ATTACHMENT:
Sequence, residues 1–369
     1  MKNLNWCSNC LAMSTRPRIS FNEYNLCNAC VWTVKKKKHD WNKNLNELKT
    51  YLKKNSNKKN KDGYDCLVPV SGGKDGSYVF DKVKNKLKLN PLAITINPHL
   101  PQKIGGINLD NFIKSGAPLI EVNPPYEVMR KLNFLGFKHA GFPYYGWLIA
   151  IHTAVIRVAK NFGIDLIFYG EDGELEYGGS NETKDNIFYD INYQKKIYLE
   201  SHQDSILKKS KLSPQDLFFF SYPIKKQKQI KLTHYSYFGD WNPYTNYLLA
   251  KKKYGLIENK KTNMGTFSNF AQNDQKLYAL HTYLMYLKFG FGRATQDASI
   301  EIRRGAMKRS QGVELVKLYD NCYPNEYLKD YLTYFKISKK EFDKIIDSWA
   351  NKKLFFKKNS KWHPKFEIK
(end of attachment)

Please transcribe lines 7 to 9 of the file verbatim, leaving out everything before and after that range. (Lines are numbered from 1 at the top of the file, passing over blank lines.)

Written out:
   251  KKKYGLIENK KTNMGTFSNF AQNDQKLYAL HTYLMYLKFG FGRATQDASI
   301  EIRRGAMKRS QGVELVKLYD NCYPNEYLKD YLTYFKISKK EFDKIIDSWA
   351  NKKLFFKKNS KWHPKFEIK